Midway tells a real story about the historical war of the 1960s and 1970s, covering a wide spectrum of elements that made up a key moment in history.

MIDWAY provides us with ensemble piece narrative story covering events leading up to the turning point in The War In The Pacific, which was the battle of Midway. To invest us in the characters we’re shown a snapshot journey of each of their lives from just before the attack on Pearl Harbour in December 1941 up until June of 1942 where the Japanese and American naval forces would try and surprise each other in what would be the battle of the films title.

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Before I delve into the main negative, I will say overall this is a great movie which could be really enhanced by an extended edition or extra running time if if there’s more scenes that were cut out covering the battle of Midway itself – and if so PLEASE PUT THEM BACK IN A LONGER CUT – PEOPLE WILL BUY IT ON BLU-RAY! This is where the main problem with this film lies.

Over half of its running time is dedicated to the raid on Pearl Harbour, The Doolittle Raid and the battles leading up to and including The Coral Sea, the latter of which is told pretty much in one scene and a single VFX shot (Good though it was) – Not an issue per say, as this film is not called ‘The Battle of The Coral Sea’ – and while some of these scenes give much context and required emotional threads for both characters and the younger audience members alike, others really didn’t need to be seen in this film. It felt as if the events surrounding the Chinese assisting the Doolittle Raid survivors was probably a condition of some VFX funding tax break for the Asian based post-production budget.

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An allied radio report of the raid itself, perhaps being heard by the pilots of the American carriers was really all that was needed. Whatever the reason, these scenes add little to the key story or characters involved in the subsequent battle and even though they sign post the path that led to Midway, it’s not something that couldn’t have been covered in a single title card at the beginning of the film. The battle of Midway itself, while well realised, is told a little too quickly.

The Japanese attack on US Yorktown is again covered in a single VFX shot with one line of dialogue from an observing carrier when it could have been such a nail biting moment. The tension that is achieved in the original movie between the Naval Commanders on both sides making the tricky tactical decisions in the battle is a little compacted here.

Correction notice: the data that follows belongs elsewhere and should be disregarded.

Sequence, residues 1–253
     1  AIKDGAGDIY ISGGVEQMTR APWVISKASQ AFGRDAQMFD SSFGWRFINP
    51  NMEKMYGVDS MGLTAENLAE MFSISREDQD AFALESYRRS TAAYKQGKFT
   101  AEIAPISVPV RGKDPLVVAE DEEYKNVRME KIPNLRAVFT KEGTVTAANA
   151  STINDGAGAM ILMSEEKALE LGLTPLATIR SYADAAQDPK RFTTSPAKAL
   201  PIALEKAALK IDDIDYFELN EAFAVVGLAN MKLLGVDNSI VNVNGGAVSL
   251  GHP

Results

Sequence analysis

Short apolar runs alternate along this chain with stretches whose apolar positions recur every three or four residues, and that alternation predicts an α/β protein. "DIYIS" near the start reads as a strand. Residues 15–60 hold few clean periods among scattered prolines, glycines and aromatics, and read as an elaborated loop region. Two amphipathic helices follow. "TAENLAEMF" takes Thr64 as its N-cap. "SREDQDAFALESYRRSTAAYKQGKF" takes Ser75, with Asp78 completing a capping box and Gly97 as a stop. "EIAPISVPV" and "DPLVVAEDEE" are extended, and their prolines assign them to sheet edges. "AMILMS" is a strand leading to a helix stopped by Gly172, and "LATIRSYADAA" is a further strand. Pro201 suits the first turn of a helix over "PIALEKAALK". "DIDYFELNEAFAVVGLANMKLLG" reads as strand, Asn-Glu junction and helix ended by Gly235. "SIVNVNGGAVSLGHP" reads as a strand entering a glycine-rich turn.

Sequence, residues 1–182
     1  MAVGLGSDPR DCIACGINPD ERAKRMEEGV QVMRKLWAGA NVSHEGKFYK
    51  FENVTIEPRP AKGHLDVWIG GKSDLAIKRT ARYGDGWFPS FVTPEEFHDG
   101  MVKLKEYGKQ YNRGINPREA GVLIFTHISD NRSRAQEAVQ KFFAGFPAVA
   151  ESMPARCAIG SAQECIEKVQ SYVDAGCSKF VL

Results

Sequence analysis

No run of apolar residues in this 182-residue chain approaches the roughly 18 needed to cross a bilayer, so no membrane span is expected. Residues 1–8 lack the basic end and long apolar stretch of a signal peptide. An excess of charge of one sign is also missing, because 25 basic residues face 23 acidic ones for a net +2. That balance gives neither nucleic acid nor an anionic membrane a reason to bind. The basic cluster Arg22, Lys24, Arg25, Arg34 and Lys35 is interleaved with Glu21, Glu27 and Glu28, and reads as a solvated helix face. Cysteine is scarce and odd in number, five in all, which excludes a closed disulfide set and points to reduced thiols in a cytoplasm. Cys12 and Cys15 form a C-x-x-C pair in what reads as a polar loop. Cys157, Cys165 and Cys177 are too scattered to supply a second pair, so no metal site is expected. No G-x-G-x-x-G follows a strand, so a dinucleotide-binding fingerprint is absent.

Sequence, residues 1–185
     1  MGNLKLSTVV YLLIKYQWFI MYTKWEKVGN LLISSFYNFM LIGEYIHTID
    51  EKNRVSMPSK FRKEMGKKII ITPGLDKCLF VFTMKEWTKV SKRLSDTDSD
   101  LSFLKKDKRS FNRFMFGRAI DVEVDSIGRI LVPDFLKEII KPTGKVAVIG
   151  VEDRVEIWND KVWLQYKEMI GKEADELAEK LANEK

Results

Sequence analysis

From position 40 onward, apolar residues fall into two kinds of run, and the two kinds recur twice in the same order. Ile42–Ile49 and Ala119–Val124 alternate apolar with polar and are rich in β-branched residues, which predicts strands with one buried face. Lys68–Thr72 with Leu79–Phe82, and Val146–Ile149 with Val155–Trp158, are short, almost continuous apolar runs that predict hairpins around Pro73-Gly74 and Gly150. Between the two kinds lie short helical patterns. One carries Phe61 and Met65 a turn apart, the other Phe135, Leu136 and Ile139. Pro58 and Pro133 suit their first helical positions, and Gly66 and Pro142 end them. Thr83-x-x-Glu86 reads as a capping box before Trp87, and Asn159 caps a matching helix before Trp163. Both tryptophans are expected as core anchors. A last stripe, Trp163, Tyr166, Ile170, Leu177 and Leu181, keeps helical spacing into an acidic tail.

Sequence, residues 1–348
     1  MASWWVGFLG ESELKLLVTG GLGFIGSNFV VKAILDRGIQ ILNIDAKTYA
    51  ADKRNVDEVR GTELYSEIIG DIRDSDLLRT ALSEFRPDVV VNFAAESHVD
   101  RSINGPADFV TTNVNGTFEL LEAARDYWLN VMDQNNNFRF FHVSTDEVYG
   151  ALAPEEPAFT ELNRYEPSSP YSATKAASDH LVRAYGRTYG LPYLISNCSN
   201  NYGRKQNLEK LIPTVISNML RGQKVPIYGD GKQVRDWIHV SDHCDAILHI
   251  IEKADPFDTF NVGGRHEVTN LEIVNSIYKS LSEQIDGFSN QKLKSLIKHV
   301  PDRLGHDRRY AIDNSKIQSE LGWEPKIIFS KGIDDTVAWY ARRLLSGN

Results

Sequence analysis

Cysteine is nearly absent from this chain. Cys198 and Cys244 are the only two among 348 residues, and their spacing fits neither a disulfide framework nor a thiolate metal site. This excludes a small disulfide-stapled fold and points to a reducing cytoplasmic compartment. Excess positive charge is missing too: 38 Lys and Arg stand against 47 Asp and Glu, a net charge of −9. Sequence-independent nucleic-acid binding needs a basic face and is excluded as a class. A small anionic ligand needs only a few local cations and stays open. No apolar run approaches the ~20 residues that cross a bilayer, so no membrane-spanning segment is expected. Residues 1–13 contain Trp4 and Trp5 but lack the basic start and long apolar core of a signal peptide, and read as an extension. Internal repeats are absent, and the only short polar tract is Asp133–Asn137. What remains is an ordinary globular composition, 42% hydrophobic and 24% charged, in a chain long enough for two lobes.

We see the last batch of Japanese pilots taking off but we don’t see the outcome of this decision nor get a sense of the damage they do to the Americans. Time spent earlier in the movie building up to events at Midway would have been better spent covering the key events of the actual battle itself, which though nicely staged, feels a little rushed at times.

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Although a fistful of scenes give us the Japanese perspective they don’t show would have been crucial moments of drama such as the belief that their single strike on the Yorktown gave way to believed rumours that two American carriers had been sunk, and the initial spotting of the American fleet by their pilots is not shown at all.

That said the stakes of the climatic battle are well realised here and the CGI is NOT poor, nor distracting as others have claimed, it is extremely well done and is far more effective and real on the big screen. You forget your watching visual FX after a point, which one assumes, is the whole idea. Where the earlier Midway film failed in its visuals of the battle, here you’re really put in the seat of the plunging dive bomber or on the deck of the carrier during the numerous actions. It is a visceral experience to see these sequences on the big screen and one that shouldn’t be missed.

The Film Director, Roland Emmerich, is an extremely competent film maker who can handle both scale, multiple characters and action sequences without them turning into unwatchable thing.

We can tell what is happening to whom and there is always a sense of where things are taking place and why in relation to the story. While not a flawlessly film, I have no doubt that several scenes were cut to make sure the film hit a manageable running time.

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